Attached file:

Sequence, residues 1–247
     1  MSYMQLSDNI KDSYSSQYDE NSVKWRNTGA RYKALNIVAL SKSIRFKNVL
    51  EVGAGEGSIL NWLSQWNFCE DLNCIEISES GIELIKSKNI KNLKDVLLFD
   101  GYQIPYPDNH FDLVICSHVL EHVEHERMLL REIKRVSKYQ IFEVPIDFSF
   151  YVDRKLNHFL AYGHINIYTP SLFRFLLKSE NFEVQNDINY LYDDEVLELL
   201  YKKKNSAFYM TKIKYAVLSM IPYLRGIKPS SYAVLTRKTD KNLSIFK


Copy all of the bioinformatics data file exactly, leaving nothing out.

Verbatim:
Sequence, residues 1–247
     1  MSYMQLSDNI KDSYSSQYDE NSVKWRNTGA RYKALNIVAL SKSIRFKNVL
    51  EVGAGEGSIL NWLSQWNFCE DLNCIEISES GIELIKSKNI KNLKDVLLFD
   101  GYQIPYPDNH FDLVICSHVL EHVEHERMLL REIKRVSKYQ IFEVPIDFSF
   151  YVDRKLNHFL AYGHINIYTP SLFRFLLKSE NFEVQNDINY LYDDEVLELL
   201  YKKKNSAFYM TKIKYAVLSM IPYLRGIKPS SYAVLTRKTD KNLSIFK